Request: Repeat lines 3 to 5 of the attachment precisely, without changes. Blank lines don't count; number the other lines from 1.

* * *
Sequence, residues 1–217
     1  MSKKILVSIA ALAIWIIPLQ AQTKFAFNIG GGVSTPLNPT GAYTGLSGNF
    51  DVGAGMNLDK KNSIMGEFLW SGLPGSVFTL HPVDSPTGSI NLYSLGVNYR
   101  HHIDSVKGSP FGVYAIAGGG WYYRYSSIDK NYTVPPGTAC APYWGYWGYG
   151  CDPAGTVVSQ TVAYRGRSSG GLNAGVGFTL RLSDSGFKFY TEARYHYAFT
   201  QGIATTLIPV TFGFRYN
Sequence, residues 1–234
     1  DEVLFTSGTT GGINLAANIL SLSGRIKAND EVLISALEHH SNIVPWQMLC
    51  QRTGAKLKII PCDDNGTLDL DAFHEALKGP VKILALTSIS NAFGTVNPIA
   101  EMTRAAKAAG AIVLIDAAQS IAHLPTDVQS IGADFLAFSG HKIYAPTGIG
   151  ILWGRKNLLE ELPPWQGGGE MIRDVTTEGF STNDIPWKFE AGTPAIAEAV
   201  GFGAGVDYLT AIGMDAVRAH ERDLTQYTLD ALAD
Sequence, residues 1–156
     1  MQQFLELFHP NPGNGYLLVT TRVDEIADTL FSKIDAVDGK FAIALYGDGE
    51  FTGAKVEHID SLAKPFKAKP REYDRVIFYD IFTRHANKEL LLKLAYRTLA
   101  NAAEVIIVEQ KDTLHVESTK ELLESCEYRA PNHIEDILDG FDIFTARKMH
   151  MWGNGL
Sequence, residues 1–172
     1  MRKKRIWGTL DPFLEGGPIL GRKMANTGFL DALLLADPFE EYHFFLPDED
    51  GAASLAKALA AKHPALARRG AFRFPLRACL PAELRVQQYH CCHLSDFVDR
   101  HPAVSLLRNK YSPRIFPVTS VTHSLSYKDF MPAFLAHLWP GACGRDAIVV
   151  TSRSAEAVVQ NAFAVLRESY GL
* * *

    51  DVGAGMNLDK KNSIMGEFLW SGLPGSVFTL HPVDSPTGSI NLYSLGVNYR
   101  HHIDSVKGSP FGVYAIAGGG WYYRYSSIDK NYTVPPGTAC APYWGYWGYG
   151  CDPAGTVVSQ TVAYRGRSSG GLNAGVGFTL RLSDSGFKFY TEARYHYAFT